A biobank with juggernaut proportions will soon be established as part of U.S health care provider Kaiser Permanente's project: Kaiser Permanente Research Program on Genes, Environment and Health.
The company is seeking to enlist around half a million volunteers from its adult members, to participate in its research.
AdvertisementKaiser Permanente is planning to collect medical records, family histories and genetic material from the diverse population it is enlisting from Northern California.
The project is seeking to find out how genes, lifestyles and environmental factors interplay to cause common diseases like cancer, diabetes and asthma .In this way it seeks to understand the causes of diseases and better ways of treatment.
This is somewhat on the lines of the Framingham project that conducted a massive decades-long research that led to the identification of potential heart risk factors, which are used today by thousands of cardiologists.
As part of the second phase of the project, workers will collect genetic material by way of cheek swabs and blood samples from the enlisters.
This move may well make Kaiser Permanente the largest repository of genetic material.
Yet as fears that information garnered this way may be used against the volunteers in claiming jobs or health insurance, are sounded, Kaiser is quick to assure its members that such private records will be maintained in all confidentiality and kept separately from more accessible medical records.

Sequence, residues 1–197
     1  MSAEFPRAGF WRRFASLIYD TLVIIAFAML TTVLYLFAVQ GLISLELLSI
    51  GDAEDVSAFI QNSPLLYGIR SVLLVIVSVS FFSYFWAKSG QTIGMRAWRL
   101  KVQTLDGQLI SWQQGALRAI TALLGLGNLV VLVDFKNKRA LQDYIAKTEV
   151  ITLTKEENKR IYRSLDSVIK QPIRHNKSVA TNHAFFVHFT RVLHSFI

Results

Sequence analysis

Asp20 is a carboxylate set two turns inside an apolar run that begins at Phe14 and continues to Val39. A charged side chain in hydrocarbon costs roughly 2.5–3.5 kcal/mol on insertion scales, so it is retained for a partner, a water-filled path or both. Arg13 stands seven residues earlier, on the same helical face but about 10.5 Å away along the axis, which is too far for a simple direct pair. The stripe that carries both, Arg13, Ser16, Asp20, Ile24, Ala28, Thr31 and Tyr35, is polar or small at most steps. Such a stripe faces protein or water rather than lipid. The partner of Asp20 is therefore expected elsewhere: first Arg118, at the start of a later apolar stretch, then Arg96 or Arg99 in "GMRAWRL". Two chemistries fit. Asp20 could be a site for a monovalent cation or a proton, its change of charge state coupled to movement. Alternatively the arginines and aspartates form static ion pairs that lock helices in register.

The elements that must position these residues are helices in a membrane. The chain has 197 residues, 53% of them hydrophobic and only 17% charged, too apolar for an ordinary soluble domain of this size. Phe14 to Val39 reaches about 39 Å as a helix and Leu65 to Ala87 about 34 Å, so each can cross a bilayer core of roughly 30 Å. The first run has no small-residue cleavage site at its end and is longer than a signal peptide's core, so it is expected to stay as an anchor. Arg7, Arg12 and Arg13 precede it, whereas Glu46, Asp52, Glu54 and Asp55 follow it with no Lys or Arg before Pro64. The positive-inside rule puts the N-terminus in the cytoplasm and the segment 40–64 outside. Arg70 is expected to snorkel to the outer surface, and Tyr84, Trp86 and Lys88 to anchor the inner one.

Other such biobanks exist and are increasingly being developed in the United States and outside, as scientists attempt to use the information from the recent decoding of the human genome to elicit how genes and the environment contribute to disease.
The U.S. National Institutes of Health last year launched a genes and environment project that could study as many as 1,000 people, and biotechnology company deCODE Genetics has compiled a database containing the genetic makeup and medical history of more than 100,000 citizens of Iceland.
Kaiser's goal of enrolling up to 500,000 of its members is rivaled in ambition only by the government-backed UK Biobank, which was launched last year and also intends to survey and collect genetic material from a similar number of British residents.
Says former U.S. Food and Drug Administration chief Dr. David Kessler, now dean of the University of California-San Francisco medical school: What this will do is make personalized medicine a reality. It is a vitally important effort to improve the health of people everywhere.
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